Annie Bananie en Europe

A blog about travel, life, and everyday tidbits

Category Archives: Spain

Basque Country part 2: San Sebastián

This series on the Basque Country is not in chronological order. I wanted to write the San Sebastián post before La Rhune and Biarritz, while it is still relatively fresh in my mind, since it was such an interesting trip.

So, San Sebastián. It is a city on the Spanish side of the Basque Country known for its lovely beaches. I am truly willing to say that I liked it more than Barcelona, the only other big city in Spain that I have visited so far. Before going to San Sebastián, I got the impression that it was a small, touristy city that would require no more than one day to experience. In fact, I was going to stay only one night and head back to Bordeaux the next day before Mariel suggested staying two nights. I’m glad I took her advice, as San Sebastián had much more to offer than I had anticipated!

From Biarritz, Mariel and I hopped onto the PESA bus that took us directly to San Sebastián. The ride itself wasn’t particularly pleasant – it was the first time after a very long time that I got carsick (or…bus-sick, if there is such a term?) I believe it must have been due to the rough roads from Biarritz to San Sebastián, though I couldn’t be sure because I was half asleep during most of the trip.

We arrived at night, found our hostel, dropped off our belongings, and headed out to dinner right away. The real exploration started the next morning, when we decided to stroll along the riverside and head up Monte Urgull, a hill right in the midst of the city between the two beaches, Zurriola and La Concha.

We climbed up Monte Urgull at a very leisurely pace, occasionally stopping to enjoy the view of San Sebastián. From Monte Urgull, the entire crescent of the Bay of La Concha could be viewed, and all of San Sebastián was laid out right in front of your eyes.

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Spain part 2 – Girona and Vilanova

While roaming in Europe, travellers realize that many gems are hidden in small, lesser-known towns and municipalities. Whether it’s in terms of food, culture, or atmosphere, it’s a completely different experience visiting big tourist cities while compared to quieter, less popular destinations. That was why aside from Barcelona, friend LS-san and I decided to visit a random city nearby on days 2 and 3 of our trip.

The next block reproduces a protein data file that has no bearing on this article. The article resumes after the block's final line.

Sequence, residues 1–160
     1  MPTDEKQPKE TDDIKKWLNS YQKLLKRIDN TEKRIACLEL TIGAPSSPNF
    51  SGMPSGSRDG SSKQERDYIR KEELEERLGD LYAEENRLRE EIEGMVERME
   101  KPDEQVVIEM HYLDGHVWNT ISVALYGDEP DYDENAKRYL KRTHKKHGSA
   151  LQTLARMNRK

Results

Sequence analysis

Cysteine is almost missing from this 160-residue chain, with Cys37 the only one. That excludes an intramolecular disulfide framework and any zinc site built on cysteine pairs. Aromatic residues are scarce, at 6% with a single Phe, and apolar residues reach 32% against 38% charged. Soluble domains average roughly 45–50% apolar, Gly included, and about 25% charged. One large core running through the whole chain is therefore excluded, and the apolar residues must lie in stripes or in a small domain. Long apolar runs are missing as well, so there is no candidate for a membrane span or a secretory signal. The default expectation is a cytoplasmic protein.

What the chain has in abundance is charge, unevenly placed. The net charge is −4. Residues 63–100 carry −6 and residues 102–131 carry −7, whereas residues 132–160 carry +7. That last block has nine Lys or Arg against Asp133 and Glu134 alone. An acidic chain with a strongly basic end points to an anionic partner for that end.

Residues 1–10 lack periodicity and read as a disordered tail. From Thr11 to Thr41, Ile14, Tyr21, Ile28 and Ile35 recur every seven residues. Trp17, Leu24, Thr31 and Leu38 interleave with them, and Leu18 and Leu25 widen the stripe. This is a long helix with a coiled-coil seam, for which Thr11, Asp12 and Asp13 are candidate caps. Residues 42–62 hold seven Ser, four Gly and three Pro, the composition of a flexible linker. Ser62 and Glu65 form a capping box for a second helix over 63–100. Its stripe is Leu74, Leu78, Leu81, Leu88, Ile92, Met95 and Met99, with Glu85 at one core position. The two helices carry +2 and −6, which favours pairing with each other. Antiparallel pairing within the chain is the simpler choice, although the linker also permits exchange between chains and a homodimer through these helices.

First, it was a choice between Tarragona, Zaragoza, and Girona. Taking into consideration travel time and cost, we decided to venture to Girona on day 2, a Spanish town north of Barcelona approximately an hour and a half away by train.

As for day 3, we headed to Vilanova i la Geltrú, a small town which took us about 40 minutes to get to from Barcelona. It was an accidental discovery, actually. The moment I saw Vilanova i la Geltrú on the map, I knew there was something familiar about it. Later I remembered seeing its name on the trams of Bordeaux, thus realizing that it is in fact twinned with Merignac, a suburb of Bordeaux. So naturally, we figured we’d go take a look.

The town of Girona, with houses along the Onyar river as seen from the old bridge. The colours of Girona remind me slightly of Lisbon, bright and pastel.

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Spain part 1 – The best of Barcelona

Why, hola September! You are already here, I wasn’t expecting to see you for awhile. I guess I’d better write about my trip to Barcelona last month (was it really last month already?) before you move along too quickly!

The trip to Barcelona was much anticipated for several reasons. 1) I’ve heard mixed reviews for most popular travel destinations in Europe (Paris and Rome, for example) but I have not heard a single negative review about Barcelona. 2) LS-san, whose real name shall remain concealed, was my travel buddy for the week. This kid KNOWS how to travel, and what’s more, I haven’t seen him in almost a year! What better place to reunite than in beautiful Spain? 3) Spain = seafood and paella. I think that speaks for itself.

First impression of Barcelona upon exiting the airport – damn, it’s hot! Well, I suppose that was to be expected. Thank goodness I brought shorts, although they were originally intended to act as pyjamas.

Travelling to Barcelona would also prove to be an interesting little adventure for LS and I because neither of us researched deeply into what we would be doing there during our 5-day stay. Well, LS did know that he wanted to see Gaudi’s stuff, but I literally did not know where I needed to go from the airport, so thankfully LS managed to find his way to the airport to meet me, as he arrived a day earlier than I did. Usually when I visit a new city, I either plan out my routes extensively (familiarize with metro system, find out about points of attraction, etc.) or blindly follow the guide my friends who live in the city. That method has never failed before, but I think both LS and I forgot that neither of us lives in Barcelona and therefore no one would really know what was going on. Uh oh.

That didn’t cause a panic attack or anything. In fact, it was all the more fun because LS was a spontaneous traveller anyway, and we both loved getting lost and found in new, exotic places. So with a map in our hands, we plunged into the unknown.

Oh, I didn’t bring Mr.Nikon with me due to Barcelona’s notorious reputation of cameras being stolen and whatnot. Also Easyjet’s one-baggage quality wouldn’t have allowed me to bring my camera bag. Oh well, good ol’ Mr.Canon got the job done.

On the first day, we were looking for the way back to the hostel from the airport, if I remember correctly, and we may have been lost at some point. I saw this gigantic mural while wandering aimlessly through the streets of Barcelona. Quite magnificent, I must say.

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